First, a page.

Grains Research and Development

About this Ute Guide

USE OF THIS GUIDE FOR PEST IDENTIFICATION

Through the pictures and decriptions provided in this Ute Guide, the economically damaging pests of crops, pastures and stored grains in Western, south-eastern and northern Australia can be identified. Besides insects, many agricultural pests including mites, molluscs, millipedes and crustaceans have been included in this Ute Guide. Also included are some of the beneficial species that may be seen and some major bio-security pest threats, which we hope will never establish here. Any suspicious findings should be reported to the Exotic Plant Pest Hotline 1800 084 881.

Use of this Ute Guide will help in reducing confusion, anxiety and inappropriate control. It should result in better management of pests, increased farm profitability and minimum chemical usage.

There are more than 86,000 speciifc of insects described in Australia with still a large number yet to be named or discovered. Less than one percent of known insects are considered economic pests. With no hope of recognising all insects seen in a crop, the aim should be to keep this Ute Guide handy so that the important ones can be easily recognised.

As not all insects found in field crops are in this guide, further adivce may be required before making control or management decisions. Talk to your agronomist or the Department of Agriculture/Primary Industries for more complete information on identification, management and thresholds.

Why is identification important?

  • We need to know if the species present is a pest of is beneficial. Many that are presernt on the plant or in the soil will be of no consequence. Once the insect is correctly identified, appropriate information can be sought regarding its biology, pest status and management.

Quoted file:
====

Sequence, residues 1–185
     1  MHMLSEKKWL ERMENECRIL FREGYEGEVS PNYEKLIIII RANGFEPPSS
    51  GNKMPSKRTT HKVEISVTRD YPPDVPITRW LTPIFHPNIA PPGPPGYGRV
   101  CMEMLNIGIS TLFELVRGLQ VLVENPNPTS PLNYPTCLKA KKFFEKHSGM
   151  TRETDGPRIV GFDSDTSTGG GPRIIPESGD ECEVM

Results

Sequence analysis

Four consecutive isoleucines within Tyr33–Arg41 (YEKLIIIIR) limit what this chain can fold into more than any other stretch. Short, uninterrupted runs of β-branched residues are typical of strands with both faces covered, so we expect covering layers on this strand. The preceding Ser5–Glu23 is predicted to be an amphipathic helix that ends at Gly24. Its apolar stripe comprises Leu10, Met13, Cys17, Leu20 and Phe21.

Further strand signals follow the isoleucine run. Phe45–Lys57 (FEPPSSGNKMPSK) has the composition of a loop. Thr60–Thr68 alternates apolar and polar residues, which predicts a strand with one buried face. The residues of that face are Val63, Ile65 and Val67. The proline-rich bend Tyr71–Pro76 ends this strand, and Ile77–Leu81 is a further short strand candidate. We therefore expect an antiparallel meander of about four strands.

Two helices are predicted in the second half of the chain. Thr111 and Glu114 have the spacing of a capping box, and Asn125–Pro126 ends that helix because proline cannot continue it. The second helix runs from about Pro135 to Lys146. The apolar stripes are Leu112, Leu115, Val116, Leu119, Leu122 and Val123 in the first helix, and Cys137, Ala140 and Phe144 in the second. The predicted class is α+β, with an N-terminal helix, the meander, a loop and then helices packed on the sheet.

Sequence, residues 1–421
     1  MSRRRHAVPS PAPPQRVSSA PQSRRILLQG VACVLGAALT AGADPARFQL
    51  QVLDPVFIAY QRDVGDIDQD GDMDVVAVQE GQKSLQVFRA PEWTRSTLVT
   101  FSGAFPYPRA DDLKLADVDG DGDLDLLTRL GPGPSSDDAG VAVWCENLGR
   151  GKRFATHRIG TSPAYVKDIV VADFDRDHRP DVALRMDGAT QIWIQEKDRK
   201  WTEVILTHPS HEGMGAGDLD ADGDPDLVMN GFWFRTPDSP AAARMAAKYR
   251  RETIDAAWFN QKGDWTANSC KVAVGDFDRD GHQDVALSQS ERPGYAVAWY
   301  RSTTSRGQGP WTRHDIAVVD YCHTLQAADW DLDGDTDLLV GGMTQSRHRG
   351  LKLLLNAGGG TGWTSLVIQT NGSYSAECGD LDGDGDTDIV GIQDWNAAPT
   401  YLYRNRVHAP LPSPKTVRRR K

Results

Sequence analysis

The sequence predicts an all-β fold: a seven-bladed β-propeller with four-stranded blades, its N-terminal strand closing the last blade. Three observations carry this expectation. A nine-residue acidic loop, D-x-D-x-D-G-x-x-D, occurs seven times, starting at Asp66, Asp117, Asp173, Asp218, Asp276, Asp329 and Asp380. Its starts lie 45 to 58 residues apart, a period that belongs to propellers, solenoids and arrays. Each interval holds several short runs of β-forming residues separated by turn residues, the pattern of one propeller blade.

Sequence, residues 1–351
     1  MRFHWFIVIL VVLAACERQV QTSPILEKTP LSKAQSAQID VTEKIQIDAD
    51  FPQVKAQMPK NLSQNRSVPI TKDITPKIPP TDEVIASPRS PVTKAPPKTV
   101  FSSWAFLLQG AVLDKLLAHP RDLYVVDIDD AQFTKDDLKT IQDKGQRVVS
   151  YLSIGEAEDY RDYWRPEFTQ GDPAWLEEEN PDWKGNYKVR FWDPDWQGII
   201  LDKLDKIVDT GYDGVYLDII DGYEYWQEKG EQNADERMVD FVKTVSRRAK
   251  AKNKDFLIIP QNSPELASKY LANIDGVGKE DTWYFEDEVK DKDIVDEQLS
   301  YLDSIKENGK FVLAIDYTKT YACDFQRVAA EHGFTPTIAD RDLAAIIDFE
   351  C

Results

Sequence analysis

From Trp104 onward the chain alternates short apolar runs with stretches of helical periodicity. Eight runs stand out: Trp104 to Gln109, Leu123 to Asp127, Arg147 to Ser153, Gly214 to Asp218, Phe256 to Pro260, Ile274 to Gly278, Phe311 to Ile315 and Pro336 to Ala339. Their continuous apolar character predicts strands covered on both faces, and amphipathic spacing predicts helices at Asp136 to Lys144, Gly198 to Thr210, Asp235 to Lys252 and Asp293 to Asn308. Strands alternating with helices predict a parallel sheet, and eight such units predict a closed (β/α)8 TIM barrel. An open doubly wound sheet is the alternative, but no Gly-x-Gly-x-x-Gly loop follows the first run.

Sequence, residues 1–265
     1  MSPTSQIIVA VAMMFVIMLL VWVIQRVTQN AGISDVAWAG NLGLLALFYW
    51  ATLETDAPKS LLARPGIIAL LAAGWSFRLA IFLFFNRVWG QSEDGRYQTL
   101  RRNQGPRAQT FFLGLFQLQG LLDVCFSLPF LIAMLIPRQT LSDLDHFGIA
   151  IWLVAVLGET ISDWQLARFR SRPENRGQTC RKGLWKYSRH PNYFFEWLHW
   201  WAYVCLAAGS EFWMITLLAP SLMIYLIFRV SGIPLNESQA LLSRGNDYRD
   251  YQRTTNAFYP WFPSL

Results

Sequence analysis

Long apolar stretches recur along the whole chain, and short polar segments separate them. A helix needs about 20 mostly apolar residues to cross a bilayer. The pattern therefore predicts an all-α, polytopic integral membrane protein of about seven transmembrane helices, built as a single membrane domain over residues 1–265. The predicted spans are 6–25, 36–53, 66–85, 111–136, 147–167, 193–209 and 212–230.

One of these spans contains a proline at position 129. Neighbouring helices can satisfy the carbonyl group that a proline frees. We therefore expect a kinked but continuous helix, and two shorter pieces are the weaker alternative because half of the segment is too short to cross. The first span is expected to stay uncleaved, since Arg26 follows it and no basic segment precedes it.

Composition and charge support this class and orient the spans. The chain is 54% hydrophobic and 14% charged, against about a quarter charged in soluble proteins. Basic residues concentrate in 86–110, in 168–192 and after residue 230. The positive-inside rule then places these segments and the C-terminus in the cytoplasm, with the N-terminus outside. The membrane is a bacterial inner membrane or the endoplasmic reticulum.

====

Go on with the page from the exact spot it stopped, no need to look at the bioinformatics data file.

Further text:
• Many pests can look similar and incorrect identification is likely to lead to inappropriate control measures. For example, mite pests such as redlegged earth mite, blue oat, Bryobia and Balaustium mites all respond differently to control measures including rates and types of insecticide.
  • Early identification and detection of exotic pests can allow for successful eradication or containment programs.
  • Changing pest complexes can be recognised early and general awareness and preparedness can be increased.

COMMON AND SCIENTIFIC NAMES

Each insect common name has its scientific name listed.

Common names can be misleading, as they vary with different languages and between countries or regions. For example, the pest with the preferred common name of spinetailed weevil is also known as cereal curculio in SA and pests known as vegetable weevils in WA are known as false wireworms in SA.

In order to effectively classify organisms (such as plants, animals and fungi), scientists use the same naming system. Every species has two given names: the Generic (genus, always given with a capital letter and sometimes denoted with the first letter e.g. A. mundra is Agrotis mundra) and the specific (species, always lower case). Both are written in italics. The scientific name down to species level is provided in this book where possible. Where the species name is not known with certainty, the genus name is given followed by "sp." for one species and "spp." for more than one species.